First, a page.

BILLINGS, Mont. (AP) - Montana authorities have taken the first step toward revoking the probation of a man who was granted clemency by the governor last year in a 1979 murder and then jailed this week for allegedly violating a restraining order.
Barry Beach appeared in court Thursday via video from the Yellowstone County jail on a probation violation stemming from the violation of the restraining order. Justice of the Peace David Carter set a $50,000 bond for his release.
Beach’s attorney rejected the latest allegation and said it stemmed from a child custody dispute.
The temporary restraining order was issued in October after a woman filed a court petition claiming Beach had fathered her son and had stalked her since his release from prison.
The woman filed a report with the Billings Police Department Sunday alleging Beach violated the order, which requires him to stay at least 300 feet away from her, according to court documents. Beach was wearing a GPS monitoring system at the time of the alleged offense, which a probation officer said underscored his “very poor judgment,” according to court documents.
He was arrested Wednesday, the same day probation officers became aware of the alleged violation, Montana Department of Corrections spokeswoman Judy Beck said. Within 10 days of his arrest, corrections officials plan to file a violation report with the Roosevelt County attorney, Beck said.
That’s a first step toward asking a court to revoke Beach’s probation. The action was taken “for the safety of the petitioner, her family and the community,” Beck said.
A judge would have the latitude to revoke Beach’s probation entirely, impose additional restrictions or take no action. A Nov. 18 hearing on the probation violation was scheduled in state District Court in Plentywood.
Beach has said the woman’s 4-year-old boy is his and that the stalking claim was a response to his efforts to gain visitation rights.
“All we have are allegations that we believe are not credible,” Beach’s attorney, Tim Baldwin, said during Thursday’s court appearance. “This really boils down to what’s going to be a custody issue.”
Baldwin said a parenting plan had been filed with the court seeking to resolve the dispute.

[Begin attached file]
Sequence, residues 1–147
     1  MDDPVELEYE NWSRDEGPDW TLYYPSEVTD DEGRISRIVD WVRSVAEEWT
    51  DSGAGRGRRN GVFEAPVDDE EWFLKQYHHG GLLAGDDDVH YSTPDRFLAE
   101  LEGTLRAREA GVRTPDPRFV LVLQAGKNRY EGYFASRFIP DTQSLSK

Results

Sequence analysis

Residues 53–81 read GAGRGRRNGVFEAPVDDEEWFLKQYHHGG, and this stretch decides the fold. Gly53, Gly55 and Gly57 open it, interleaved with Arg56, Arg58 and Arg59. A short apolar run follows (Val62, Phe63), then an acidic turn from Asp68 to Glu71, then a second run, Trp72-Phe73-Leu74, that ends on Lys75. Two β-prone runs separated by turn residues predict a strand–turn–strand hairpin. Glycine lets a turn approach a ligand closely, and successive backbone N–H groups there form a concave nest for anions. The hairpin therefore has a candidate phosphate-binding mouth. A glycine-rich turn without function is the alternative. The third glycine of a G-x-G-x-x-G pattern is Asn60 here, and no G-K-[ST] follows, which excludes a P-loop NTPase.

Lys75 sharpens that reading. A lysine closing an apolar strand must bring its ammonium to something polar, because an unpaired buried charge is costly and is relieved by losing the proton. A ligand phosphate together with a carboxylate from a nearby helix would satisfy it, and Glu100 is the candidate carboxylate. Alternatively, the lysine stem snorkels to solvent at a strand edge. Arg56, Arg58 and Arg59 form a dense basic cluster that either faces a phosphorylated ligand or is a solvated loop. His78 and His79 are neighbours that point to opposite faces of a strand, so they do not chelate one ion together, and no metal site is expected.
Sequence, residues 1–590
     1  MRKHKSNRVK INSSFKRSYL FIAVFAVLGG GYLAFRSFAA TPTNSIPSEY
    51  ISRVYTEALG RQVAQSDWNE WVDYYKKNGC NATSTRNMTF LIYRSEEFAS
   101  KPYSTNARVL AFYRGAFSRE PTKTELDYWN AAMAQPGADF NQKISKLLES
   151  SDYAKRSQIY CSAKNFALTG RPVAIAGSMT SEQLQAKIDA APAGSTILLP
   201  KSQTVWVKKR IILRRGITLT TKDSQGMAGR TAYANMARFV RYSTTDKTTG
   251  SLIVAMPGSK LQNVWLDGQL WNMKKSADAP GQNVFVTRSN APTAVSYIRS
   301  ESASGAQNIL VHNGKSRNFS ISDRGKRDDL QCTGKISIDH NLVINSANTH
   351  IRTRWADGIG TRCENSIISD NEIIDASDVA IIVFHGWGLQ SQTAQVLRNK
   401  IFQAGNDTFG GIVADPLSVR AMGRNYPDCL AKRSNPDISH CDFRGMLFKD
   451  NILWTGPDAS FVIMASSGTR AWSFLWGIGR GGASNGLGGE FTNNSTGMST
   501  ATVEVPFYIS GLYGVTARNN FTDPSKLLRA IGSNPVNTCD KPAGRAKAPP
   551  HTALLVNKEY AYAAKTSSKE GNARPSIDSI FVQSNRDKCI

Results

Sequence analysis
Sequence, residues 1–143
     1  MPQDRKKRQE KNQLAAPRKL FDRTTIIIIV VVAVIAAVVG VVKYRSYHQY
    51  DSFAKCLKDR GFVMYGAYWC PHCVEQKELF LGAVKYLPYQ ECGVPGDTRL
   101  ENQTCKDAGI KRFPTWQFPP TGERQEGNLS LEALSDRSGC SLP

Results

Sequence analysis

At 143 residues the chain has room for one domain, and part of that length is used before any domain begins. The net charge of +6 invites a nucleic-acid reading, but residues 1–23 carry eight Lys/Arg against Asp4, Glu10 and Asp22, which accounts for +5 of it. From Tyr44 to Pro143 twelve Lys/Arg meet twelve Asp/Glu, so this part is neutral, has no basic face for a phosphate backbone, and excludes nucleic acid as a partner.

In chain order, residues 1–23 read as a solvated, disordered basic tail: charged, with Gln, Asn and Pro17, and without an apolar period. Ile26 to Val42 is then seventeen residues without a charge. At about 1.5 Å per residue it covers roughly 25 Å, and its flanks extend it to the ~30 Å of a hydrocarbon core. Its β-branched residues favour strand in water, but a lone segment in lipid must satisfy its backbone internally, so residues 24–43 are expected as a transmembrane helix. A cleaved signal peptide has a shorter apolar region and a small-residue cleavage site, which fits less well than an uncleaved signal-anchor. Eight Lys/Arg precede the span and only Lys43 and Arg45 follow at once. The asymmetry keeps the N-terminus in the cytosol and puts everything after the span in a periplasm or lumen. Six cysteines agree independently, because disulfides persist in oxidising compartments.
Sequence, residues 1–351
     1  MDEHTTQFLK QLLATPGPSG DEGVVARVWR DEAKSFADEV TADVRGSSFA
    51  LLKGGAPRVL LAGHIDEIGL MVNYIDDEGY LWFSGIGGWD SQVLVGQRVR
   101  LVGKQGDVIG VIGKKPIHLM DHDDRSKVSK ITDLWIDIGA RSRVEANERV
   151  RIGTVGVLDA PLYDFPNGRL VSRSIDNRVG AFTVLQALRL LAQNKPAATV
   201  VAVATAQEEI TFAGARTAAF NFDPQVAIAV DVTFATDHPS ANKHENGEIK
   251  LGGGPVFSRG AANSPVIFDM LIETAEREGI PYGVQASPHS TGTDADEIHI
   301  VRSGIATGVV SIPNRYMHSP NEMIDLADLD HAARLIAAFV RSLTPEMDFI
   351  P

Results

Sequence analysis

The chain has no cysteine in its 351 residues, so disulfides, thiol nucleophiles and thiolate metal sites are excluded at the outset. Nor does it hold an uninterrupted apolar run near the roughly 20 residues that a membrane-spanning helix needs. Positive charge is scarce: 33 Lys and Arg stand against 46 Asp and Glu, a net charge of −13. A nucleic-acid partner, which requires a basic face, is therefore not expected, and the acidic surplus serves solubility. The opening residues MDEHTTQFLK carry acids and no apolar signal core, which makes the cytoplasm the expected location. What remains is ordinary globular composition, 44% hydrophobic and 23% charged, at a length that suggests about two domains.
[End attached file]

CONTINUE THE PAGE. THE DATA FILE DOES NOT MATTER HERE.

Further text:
Beach was sentenced to 100 years in prison without the possibility of parole in the 1979 death of 17-year-old Kimberly Nees of Poplar in Roosevelt County. During his more than 30 years in prison, his cause was adopted by hundreds of supporters and attracted backing from numerous Montana politicians.
In 2011, he was released temporarily after a judge ordered a new trial in the murder case based on new evidence. The state Supreme Court reversed that order and sent Beach back to prison after 18 months.
It was during that period of freedom that Beach had a brief relationship with the woman, according to her restraining order petition.
Gov. Steve Bullock granted him clemency last November, noting that Beach was 17 at the time of Nees’ death and had been a model prisoner. Beach had long denied the crime.
In his clemency order, Bullock noted that three psychological reports concluded Beach posed a minimal risk to public safety. Bullock commuted his sentence to time served with an additional 10 years suspended, during which time Beach would remain under state supervision.
Beach’s mother, Bobbi Clincher, said Thursday that he found out he had a son when the mother was arrested. Beach was contacted by the Department of Family Services and told he needed to take a DNA test, she said.
“He went in for the DNA test, and sure enough the child is his. For him to be locked up all those years, not able to have children when he was younger, it was a nice surprise,” Clincher said. “If he has to go back to prison just because he was trying to have a relationship with his son would be really sad.”
In early October, Beach’s probation restrictions were tightened after a woman alleged he propositioned her 12-year-old daughter in January. No charges were filed in that case following a months-long investigation by law enforcement.
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